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Study shows that frozen testicular tissue still makes sperm 23 years later

Semen and eggs

The success of this study in mice could pave the way for the treatment to work in humans (Image: Shutterstock)

Young boys with cancer who become infertile due to chemotherapy may be able to father children thanks to frozen testicular tissue.

A recent study in rats suggests that if testicular tissue was frozen before cancer treatment, it could be re-implanted later in life so that these pediatric cancer patients could one day have biological children through in vitro fertilization (IVF).

Researchers at the University of Pennsylvania were able to reintroduce testicular cells frozen for 23 years into infertile mice, which were then shown to produce healthy sperm.

The success of this study in mice could provide hope for men facing infertility as a side effect of childhood cancer treatments.

The mice in the study had been treated with a drug that killed their sperm-forming cells. Later, when the testes of the mice, implanted with the conserved stem cells, were examined, the 23-year-old stem cells had survived and developed into groups of sperm-producing cells.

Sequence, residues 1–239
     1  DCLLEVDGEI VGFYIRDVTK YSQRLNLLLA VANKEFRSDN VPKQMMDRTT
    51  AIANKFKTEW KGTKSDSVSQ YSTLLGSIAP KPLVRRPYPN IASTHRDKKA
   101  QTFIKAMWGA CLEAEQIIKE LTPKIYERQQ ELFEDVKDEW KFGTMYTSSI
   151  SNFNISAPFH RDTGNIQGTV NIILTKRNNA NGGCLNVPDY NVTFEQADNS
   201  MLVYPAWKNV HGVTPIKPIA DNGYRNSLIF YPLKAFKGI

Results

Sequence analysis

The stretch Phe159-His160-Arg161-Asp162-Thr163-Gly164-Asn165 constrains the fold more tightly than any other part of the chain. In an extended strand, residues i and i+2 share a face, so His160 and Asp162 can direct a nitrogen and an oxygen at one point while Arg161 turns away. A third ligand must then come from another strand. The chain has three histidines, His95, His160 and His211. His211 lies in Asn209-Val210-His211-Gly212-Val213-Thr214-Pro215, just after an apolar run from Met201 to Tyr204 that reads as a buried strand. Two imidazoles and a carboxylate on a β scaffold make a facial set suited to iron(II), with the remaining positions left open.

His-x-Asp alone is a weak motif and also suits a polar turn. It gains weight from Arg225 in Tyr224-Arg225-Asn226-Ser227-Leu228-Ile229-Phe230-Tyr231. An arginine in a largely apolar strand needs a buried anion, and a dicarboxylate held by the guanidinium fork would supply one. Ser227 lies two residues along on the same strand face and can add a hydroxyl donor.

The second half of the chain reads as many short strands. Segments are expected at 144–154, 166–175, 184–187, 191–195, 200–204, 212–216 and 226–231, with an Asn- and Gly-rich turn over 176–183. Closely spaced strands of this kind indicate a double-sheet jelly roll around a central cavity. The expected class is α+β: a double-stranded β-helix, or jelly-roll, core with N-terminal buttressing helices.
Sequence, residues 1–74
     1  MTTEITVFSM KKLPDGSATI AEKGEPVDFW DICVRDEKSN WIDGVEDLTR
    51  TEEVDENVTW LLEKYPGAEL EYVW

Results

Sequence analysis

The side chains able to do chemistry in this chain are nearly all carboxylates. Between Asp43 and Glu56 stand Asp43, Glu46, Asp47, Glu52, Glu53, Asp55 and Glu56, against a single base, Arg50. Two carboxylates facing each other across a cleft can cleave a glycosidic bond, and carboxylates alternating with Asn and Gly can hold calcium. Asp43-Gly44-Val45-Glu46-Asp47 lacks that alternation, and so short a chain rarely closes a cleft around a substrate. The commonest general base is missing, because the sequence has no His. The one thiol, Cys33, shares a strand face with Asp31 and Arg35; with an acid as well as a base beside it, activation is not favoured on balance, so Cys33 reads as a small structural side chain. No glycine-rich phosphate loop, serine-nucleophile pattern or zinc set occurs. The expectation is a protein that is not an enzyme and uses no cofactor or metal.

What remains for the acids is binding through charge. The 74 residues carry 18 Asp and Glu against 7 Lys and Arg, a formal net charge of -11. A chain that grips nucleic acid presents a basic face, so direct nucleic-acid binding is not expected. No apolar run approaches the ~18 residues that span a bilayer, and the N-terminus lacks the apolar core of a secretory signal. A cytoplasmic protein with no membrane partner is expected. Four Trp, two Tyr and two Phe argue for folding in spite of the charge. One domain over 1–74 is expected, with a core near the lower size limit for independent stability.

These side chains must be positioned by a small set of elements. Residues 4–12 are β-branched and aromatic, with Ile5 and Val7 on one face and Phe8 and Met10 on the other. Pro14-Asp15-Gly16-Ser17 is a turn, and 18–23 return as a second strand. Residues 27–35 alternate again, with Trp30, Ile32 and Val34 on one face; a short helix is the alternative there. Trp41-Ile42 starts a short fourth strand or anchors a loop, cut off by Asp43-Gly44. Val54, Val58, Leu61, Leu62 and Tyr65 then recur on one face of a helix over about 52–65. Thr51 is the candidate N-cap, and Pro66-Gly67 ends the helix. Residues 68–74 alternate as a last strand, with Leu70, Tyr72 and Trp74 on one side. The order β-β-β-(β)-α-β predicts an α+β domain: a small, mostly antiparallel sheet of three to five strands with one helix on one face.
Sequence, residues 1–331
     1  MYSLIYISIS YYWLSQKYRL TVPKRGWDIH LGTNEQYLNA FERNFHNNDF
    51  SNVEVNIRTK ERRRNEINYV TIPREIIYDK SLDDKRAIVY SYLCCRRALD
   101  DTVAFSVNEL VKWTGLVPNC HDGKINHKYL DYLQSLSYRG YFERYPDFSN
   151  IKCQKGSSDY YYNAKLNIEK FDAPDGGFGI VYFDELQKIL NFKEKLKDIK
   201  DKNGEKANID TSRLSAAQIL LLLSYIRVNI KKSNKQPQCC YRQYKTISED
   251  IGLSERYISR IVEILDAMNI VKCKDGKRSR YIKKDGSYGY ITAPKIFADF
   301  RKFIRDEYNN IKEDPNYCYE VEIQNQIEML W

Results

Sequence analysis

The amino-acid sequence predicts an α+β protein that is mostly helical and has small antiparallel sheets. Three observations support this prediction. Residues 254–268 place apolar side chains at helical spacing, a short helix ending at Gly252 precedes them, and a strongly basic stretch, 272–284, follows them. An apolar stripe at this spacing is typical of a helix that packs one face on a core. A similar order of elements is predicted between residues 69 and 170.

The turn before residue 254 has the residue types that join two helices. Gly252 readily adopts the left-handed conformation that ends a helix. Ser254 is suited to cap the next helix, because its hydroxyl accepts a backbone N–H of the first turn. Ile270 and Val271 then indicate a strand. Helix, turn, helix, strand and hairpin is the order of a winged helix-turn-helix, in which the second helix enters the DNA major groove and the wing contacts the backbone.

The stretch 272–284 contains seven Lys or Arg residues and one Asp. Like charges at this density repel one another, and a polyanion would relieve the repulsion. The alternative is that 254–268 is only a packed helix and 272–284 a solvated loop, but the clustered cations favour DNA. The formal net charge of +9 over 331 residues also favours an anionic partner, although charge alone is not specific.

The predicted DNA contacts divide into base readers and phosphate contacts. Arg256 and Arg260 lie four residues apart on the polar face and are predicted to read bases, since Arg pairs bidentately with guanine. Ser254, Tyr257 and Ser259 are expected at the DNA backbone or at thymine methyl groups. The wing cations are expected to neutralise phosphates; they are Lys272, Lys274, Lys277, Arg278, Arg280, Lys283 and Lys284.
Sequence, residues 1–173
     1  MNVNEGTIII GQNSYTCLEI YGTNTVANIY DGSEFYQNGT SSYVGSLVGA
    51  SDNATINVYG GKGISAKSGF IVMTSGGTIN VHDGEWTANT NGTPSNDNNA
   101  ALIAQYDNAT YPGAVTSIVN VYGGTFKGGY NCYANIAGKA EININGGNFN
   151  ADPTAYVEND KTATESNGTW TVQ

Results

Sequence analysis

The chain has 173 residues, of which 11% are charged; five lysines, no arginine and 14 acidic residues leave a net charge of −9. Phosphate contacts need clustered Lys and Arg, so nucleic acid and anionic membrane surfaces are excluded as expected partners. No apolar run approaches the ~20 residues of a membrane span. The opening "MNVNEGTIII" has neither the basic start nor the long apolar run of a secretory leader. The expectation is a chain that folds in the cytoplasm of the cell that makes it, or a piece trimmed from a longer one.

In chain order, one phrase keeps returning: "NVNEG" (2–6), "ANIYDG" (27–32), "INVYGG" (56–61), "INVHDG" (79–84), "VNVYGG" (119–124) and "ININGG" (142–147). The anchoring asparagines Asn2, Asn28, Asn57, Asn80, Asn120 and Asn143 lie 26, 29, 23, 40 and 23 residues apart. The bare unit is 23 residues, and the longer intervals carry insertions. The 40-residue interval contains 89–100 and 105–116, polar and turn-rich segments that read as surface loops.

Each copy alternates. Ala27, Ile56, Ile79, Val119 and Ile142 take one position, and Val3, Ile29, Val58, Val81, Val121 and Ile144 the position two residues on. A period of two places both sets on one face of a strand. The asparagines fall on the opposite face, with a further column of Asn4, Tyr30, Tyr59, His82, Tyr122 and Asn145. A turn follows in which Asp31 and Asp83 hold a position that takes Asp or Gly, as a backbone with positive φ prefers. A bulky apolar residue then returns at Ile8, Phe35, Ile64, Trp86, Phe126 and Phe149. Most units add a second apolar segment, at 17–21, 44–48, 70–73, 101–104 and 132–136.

The groups of cells from the implants made mature sperm, but only about a third as many as those derived from implants of fresh or freshly frozen cells.

Freezing of stem cells

23-year-old stem cells had survived and evolved into groups of sperm-producing cells (Image: Shutterstock)

However, even the low sperm count proves to be encouraging for scientists if it works in humans.

“You really only need one viable sperm cell to be successful,” Eoin Whelan, one of the authors of the study, told New Scientist.

Chemotherapy for the treatment of cancer in young boys can kill stem cells in the testicles that form sperm. While adults may have their sperm samples frozen before treatment, children who are not yet in puberty may resort to this option.

Some clinics have removed and frozen small samples of children’s immature testicular tissue in the hope that if re-implanted when they are adults, it will mature and begin to form sperm.

It is unclear whether the results will translate into humans, as the researchers froze isolated testicular stem cells while fertility clinics freeze whole tissue samples.

The researchers also took the cells from adult rats, while clinics take tissues from children who have not yet gone through puberty.

Previous research on monkeys had shown that it was possible to use cells frozen for several months, but the latest study suggests that long-term freezing is also viable.

In 2019, the first monkey was born using the ‘frozen testicle technique’ in an important breakthrough to get approved experiments on humans.

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